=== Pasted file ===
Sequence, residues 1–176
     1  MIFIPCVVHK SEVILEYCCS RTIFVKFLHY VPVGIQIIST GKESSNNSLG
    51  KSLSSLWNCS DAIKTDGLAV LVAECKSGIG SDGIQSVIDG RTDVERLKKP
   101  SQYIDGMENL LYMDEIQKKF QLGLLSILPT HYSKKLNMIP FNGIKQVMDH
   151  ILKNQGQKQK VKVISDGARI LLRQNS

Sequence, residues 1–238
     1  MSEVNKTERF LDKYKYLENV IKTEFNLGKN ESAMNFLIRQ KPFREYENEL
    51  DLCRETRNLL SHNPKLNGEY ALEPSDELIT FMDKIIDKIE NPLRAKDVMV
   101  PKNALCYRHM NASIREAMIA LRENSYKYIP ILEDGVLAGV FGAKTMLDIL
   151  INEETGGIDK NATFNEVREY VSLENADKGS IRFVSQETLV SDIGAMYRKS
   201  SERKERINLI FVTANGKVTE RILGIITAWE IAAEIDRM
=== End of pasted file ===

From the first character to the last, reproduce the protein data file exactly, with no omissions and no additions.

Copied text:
Sequence, residues 1–176
     1  MIFIPCVVHK SEVILEYCCS RTIFVKFLHY VPVGIQIIST GKESSNNSLG
    51  KSLSSLWNCS DAIKTDGLAV LVAECKSGIG SDGIQSVIDG RTDVERLKKP
   101  SQYIDGMENL LYMDEIQKKF QLGLLSILPT HYSKKLNMIP FNGIKQVMDH
   151  ILKNQGQKQK VKVISDGARI LLRQNS

Sequence, residues 1–238
     1  MSEVNKTERF LDKYKYLENV IKTEFNLGKN ESAMNFLIRQ KPFREYENEL
    51  DLCRETRNLL SHNPKLNGEY ALEPSDELIT FMDKIIDKIE NPLRAKDVMV
   101  PKNALCYRHM NASIREAMIA LRENSYKYIP ILEDGVLAGV FGAKTMLDIL
   151  INEETGGIDK NATFNEVREY VSLENADKGS IRFVSQETLV SDIGAMYRKS
   201  SERKERINLI FVTANGKVTE RILGIITAWE IAAEIDRM